In documents obtained by The Associated Press, we now know that Donald Trump’s wife, Melania, worked for seven weeks in the U.S. before it was legal for her to do so. The documents obtained were a part of a legal dispute and only recently found in storage. However, the documents, which include accounting ledgers from the time, have been reviewed by an attorney at the request of the AP and authenticated by a former employee.
The exact details are as follows:
The documents obtained by the AP included ledgers, other accounting documents and a management agreement signed by Mrs. Trump from Metropolitan International Management that covered parts of 1996 and 1997. The AP obtained the files this week after seeking copies since August from employees of the now-defunct modeling firm, after Mrs. Trump made comments earlier this summer that appeared inconsistent with U.S. immigration rules.
A New York immigration lawyer whom Mrs. Trump asked to review her immigration documents, Michael J. Wildes, also reviewed some of the ledgers at AP’s request. Wildes said in a brief statement that “these documents, which have not been verified, do not reflect our records including corresponding passport stamps.” He did not elaborate or answer additional questions asking for clarification. Wilde appeared to be referring to Mrs. Trump’s arrival in the United States on Aug. 27, 1996, one day after the ledgers list a charge for car service to pick up Mrs. Trump from the airport. Trump campaign spokeswoman Hope Hicks also did not answer additional written questions from the AP.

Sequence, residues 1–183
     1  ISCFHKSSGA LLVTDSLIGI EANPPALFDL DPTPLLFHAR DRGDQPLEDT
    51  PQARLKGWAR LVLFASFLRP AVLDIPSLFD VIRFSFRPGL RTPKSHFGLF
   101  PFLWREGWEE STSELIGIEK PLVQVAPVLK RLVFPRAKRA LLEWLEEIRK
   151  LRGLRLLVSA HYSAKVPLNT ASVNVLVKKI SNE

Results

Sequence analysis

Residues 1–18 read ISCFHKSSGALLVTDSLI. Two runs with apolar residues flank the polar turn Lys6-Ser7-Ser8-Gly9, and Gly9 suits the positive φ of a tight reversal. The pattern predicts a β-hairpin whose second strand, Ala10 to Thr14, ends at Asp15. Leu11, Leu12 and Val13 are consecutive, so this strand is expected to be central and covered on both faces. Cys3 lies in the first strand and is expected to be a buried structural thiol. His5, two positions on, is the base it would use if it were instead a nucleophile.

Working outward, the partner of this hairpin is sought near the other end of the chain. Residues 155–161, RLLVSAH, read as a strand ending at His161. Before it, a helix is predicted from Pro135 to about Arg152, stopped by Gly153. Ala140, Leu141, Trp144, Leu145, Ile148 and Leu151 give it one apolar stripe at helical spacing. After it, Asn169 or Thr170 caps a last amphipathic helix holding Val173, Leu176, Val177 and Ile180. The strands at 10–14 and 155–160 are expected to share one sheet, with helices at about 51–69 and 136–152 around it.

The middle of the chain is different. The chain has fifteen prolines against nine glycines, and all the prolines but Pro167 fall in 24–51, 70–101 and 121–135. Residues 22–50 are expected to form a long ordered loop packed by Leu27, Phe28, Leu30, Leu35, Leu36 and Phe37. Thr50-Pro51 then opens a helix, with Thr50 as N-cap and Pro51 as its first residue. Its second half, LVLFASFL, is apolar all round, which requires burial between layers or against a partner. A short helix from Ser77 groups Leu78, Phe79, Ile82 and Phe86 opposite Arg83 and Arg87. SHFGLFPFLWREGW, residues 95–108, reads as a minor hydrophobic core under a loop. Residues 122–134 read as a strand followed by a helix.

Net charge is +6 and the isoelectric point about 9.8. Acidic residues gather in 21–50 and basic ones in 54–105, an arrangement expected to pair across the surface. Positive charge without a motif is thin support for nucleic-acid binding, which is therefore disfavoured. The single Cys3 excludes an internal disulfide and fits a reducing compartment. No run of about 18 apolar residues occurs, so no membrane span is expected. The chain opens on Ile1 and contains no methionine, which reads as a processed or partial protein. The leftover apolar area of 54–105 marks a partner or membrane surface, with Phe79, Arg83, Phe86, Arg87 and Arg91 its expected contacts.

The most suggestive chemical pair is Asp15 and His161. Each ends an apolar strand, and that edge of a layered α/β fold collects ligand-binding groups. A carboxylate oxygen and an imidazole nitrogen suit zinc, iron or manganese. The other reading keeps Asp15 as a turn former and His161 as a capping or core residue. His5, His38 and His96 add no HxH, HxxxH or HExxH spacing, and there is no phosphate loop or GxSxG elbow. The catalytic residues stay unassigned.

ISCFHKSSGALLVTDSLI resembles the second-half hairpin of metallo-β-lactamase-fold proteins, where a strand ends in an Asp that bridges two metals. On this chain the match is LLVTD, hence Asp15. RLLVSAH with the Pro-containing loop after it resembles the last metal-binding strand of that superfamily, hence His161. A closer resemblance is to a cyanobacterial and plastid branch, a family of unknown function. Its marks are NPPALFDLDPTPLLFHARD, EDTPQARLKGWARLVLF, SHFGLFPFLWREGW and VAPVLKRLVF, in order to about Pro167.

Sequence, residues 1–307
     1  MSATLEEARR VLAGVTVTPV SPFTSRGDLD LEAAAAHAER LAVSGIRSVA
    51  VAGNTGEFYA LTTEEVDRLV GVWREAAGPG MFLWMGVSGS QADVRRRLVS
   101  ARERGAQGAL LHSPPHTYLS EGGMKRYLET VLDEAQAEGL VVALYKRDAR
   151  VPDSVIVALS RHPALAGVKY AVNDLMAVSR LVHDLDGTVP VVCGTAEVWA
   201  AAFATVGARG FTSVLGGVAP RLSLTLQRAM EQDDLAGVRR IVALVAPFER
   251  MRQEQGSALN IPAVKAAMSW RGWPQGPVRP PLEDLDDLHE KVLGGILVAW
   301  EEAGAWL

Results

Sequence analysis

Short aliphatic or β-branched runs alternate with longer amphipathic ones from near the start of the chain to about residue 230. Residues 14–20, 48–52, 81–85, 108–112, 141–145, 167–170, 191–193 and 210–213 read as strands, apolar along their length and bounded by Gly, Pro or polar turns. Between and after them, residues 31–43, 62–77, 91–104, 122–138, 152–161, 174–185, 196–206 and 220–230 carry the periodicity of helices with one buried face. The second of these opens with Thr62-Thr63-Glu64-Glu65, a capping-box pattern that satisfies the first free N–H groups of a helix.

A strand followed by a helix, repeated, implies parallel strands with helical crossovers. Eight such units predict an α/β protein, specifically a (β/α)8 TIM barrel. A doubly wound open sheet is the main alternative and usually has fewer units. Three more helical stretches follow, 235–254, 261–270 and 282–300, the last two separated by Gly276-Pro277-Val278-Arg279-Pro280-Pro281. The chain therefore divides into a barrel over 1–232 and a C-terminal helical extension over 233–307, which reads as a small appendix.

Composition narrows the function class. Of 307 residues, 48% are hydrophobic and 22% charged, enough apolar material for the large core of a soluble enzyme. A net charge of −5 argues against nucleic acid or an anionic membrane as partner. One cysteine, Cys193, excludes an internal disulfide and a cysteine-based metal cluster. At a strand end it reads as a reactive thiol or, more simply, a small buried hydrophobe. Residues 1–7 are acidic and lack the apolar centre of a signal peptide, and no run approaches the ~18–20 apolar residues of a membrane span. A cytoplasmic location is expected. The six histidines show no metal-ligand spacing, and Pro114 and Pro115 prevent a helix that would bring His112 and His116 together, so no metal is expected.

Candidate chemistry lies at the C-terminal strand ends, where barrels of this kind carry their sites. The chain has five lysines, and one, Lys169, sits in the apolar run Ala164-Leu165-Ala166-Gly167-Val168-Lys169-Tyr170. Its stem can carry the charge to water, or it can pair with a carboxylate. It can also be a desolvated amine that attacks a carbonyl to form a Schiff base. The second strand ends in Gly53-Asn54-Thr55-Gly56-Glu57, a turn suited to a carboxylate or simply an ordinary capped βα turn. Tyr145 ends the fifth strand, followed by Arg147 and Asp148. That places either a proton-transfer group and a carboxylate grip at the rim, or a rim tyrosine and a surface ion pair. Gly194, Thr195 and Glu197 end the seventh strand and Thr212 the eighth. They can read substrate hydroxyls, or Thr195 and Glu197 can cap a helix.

Since questions arose earlier this year, Mrs. Trump has declined to publicly release her immigration records. Wildes, the immigration lawyer, released a letter in September that laid out the details of what he said Mrs. Trump’s immigration records show, including a seven-week window in which Mrs. Trump was in the U.S. before her work visa was issued.
During that seven-week period, the ledgers list modeling work for clients that included Fitness magazine and Bergdorf Goodman department store. The management agreement, which said it was not an employment agreement, included a handwritten date of Aug. 27, 1996. The top of the document said it was “made and entered into as of this 4th day of September 1996.”
The news is unlikely to affect the election or lead to Mrs. Trump’s citizenship status being thrown into question, but it is notable for being so ironic.
Donald Trump built his campaign from early days based on insisting that if he was president he would deport the estimated 11 million people illegally working in the United States, that he would build a “big, beautiful wall” with a “beautiful door” and would then instigate some form of a trade war to get Mexico to pay for it.
If Trump or Melania, who is back on the campaign trail stumping for her husband, really wanted to try and soften Trump’s message in the final days they would use this news as a way to point out how onerous our legal immigration system is and that it is partly the cause of why so many people end up being in the U.S. illegally. But that’s just me.